After you submit the application, the disability claims are processed first through a local SSA field office regardless if you filed online, by mail, or in person. The field office verifies non-medical eligibility requirements, including things like:
- marital status
- citizenship and residency
- Social Security coverage
For SSI benefits, the field office also verifies:
- financial resources
- living arrangement
The application is then processed through a network of state agencies, known as Disability Determination Services (DDS). The DDS reviews and investigates the medical part of your application and makes the determination about your disability. The DDS will look into the medical sources you provided. If it finds what you provided is insufficient, it will arrange a consultative examination (CE) to establish more evidence of your disability.
Step 3: Initial Determination/Outcome
The DDS will make a determination and send the case back to the field office. The field office will act on the DDS's decision and either:
- compute the benefit amount and begin disability payments for approved claims; or
- retain the file and inform the applicant that the claim was denied and he or she can file an appeal
Step 4: Request Hearing or Appeal, if Necessary
If your claim was denied, you should appeal the decision. The appeal works the same way as the initial claim, but a new team at the DDS will handle the appeal. The determination in this instance is known as a reconsideration determination.
If you are unhappy with the reconsideration determination (i.e., your claim was denied again), you can request a hearing at the Office of Hearing Operations (OHO) and before an Administrative Law Judge (ALJ). During this part of the process, you can provide new and additional evidence. Sometimes, in more complex cases, the ALJ may subpoena more evidence or testimony.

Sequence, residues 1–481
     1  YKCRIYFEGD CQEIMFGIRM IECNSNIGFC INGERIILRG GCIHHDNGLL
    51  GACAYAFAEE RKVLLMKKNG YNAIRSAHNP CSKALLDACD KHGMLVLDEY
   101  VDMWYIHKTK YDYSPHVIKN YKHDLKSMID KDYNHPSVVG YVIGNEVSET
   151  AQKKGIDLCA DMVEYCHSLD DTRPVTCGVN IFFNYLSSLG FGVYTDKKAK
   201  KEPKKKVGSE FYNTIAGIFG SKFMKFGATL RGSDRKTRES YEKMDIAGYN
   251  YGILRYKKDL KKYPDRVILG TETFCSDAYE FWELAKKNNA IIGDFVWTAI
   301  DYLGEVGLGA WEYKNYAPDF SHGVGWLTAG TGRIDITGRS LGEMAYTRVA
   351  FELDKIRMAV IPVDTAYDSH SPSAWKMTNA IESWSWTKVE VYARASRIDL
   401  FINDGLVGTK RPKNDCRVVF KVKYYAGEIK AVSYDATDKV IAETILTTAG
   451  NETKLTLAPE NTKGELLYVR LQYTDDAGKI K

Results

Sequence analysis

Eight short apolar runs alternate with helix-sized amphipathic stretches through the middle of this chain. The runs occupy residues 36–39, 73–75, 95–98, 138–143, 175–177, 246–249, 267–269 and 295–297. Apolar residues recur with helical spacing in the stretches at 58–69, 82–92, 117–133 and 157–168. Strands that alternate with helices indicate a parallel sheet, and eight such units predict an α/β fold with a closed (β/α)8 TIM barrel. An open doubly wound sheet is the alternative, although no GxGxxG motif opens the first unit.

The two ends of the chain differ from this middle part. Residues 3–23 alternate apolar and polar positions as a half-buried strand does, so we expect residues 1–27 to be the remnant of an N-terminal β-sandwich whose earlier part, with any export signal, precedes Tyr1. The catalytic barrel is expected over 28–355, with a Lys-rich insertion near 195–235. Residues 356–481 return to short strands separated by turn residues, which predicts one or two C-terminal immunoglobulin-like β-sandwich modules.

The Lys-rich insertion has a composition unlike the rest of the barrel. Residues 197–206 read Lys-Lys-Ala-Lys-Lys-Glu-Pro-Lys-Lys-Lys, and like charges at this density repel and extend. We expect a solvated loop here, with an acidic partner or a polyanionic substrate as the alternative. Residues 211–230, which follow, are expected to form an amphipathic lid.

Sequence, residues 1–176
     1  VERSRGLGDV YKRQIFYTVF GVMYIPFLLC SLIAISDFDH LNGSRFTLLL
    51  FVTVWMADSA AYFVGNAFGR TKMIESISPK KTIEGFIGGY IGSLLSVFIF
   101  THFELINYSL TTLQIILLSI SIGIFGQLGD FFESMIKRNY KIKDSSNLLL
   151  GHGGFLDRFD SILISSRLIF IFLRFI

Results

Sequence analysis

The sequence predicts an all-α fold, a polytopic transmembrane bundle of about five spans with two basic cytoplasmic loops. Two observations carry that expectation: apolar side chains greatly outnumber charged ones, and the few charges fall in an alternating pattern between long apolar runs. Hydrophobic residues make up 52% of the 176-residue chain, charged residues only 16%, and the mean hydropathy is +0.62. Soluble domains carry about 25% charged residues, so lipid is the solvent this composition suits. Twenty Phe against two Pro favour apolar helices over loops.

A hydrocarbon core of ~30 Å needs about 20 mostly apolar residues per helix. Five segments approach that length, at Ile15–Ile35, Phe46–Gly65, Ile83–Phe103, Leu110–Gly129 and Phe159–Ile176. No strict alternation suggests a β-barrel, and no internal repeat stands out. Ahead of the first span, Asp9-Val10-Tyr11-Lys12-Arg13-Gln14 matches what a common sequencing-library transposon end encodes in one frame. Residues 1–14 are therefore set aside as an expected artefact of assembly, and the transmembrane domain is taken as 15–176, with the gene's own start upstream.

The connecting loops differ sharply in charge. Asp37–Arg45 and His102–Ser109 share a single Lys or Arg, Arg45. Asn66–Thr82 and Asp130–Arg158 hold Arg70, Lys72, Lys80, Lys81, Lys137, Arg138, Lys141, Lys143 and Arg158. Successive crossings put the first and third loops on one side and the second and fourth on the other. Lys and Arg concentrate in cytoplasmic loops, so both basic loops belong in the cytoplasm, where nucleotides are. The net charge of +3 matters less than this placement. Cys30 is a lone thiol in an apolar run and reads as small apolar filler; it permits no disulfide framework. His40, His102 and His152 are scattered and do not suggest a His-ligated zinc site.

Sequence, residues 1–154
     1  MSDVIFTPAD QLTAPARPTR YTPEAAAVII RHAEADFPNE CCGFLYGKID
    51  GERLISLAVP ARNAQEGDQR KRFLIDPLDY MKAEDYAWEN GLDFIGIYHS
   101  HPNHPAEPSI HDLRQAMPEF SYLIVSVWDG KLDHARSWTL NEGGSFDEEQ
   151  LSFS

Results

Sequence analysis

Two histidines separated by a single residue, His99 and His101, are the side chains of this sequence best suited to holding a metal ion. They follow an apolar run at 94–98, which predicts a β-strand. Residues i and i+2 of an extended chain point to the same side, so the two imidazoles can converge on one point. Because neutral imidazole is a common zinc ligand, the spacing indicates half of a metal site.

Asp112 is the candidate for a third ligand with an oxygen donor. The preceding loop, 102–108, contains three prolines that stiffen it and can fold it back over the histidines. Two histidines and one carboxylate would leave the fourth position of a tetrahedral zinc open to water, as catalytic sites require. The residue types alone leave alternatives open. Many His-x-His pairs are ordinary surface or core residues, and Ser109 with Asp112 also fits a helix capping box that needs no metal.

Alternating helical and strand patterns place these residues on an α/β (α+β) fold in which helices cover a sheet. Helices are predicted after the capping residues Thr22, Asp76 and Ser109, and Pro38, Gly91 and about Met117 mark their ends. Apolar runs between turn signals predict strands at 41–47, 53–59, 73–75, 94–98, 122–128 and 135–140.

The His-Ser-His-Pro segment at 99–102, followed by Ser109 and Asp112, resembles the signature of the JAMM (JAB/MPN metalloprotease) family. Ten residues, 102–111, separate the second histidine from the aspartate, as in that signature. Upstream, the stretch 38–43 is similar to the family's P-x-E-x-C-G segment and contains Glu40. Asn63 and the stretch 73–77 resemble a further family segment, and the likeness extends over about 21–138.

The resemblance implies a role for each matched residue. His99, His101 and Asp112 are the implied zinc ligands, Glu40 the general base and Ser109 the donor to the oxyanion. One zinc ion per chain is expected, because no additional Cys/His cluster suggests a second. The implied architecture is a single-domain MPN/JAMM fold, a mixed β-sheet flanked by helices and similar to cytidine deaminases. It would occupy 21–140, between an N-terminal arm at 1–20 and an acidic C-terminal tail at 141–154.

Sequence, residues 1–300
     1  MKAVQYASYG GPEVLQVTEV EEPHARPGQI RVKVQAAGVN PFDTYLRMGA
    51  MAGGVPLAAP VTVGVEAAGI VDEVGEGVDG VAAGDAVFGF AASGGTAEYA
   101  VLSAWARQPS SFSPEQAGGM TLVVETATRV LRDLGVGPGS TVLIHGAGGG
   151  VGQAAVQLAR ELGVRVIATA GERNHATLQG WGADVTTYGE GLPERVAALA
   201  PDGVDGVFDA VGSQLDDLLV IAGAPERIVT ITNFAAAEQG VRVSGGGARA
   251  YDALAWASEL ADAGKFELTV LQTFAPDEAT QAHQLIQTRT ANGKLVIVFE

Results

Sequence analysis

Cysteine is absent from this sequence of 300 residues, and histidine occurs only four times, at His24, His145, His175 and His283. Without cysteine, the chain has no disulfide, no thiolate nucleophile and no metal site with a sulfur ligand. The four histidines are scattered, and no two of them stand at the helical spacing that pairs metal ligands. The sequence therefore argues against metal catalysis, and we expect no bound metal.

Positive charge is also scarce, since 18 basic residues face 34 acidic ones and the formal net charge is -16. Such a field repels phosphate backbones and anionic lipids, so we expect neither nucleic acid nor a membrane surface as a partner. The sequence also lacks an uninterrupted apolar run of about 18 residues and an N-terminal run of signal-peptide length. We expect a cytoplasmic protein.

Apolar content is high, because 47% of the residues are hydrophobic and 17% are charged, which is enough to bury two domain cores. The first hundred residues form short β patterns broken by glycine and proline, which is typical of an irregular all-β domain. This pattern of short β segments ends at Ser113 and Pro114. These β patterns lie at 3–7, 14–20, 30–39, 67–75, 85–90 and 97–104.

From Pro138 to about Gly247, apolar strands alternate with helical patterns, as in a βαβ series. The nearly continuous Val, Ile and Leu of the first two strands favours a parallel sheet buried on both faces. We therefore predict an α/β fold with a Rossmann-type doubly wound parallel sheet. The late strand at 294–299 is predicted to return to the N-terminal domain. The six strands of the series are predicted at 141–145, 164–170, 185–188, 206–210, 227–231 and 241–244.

What is the benefit of having an attorney when you apply for Disability Benefits?
The benefit of an attorney to help you file your disability are many, including:
- We can help complete forms accurately and quickly, making the process more efficient, more likely to succeed, and less stressful and we do not charge a fee for this service
- We make sure that the disability is one that qualifies for disability benefits
- We will make sure that proper, complete, and the evidence is provided regarding your disability claim
- We are able to file an appeal to further assist you in gaining benefits you may be entitled to
Fees are collected only if you are successful in your claim for benefits assistance. If your case is denied you do NOT owe anything. As well, we are paid twenty-five percent of the total of your past-due benefits if you are successful.